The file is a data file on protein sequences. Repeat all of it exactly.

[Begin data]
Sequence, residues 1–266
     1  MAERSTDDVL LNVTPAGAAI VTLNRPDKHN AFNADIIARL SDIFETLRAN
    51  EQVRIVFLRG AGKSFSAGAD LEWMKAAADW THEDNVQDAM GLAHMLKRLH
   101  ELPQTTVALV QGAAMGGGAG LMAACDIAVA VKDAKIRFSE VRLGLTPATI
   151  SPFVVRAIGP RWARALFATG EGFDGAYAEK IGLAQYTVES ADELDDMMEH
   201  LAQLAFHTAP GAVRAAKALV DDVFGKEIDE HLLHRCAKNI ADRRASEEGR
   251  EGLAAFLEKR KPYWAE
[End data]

Sequence, residues 1–266
     1  MAERSTDDVL LNVTPAGAAI VTLNRPDKHN AFNADIIARL SDIFETLRAN
    51  EQVRIVFLRG AGKSFSAGAD LEWMKAAADW THEDNVQDAM GLAHMLKRLH
   101  ELPQTTVALV QGAAMGGGAG LMAACDIAVA VKDAKIRFSE VRLGLTPATI
   151  SPFVVRAIGP RWARALFATG EGFDGAYAEK IGLAQYTVES ADELDDMMEH
   201  LAQLAFHTAP GAVRAAKALV DDVFGKEIDE HLLHRCAKNI ADRRASEEGR
   251  EGLAAFLEKR KPYWAE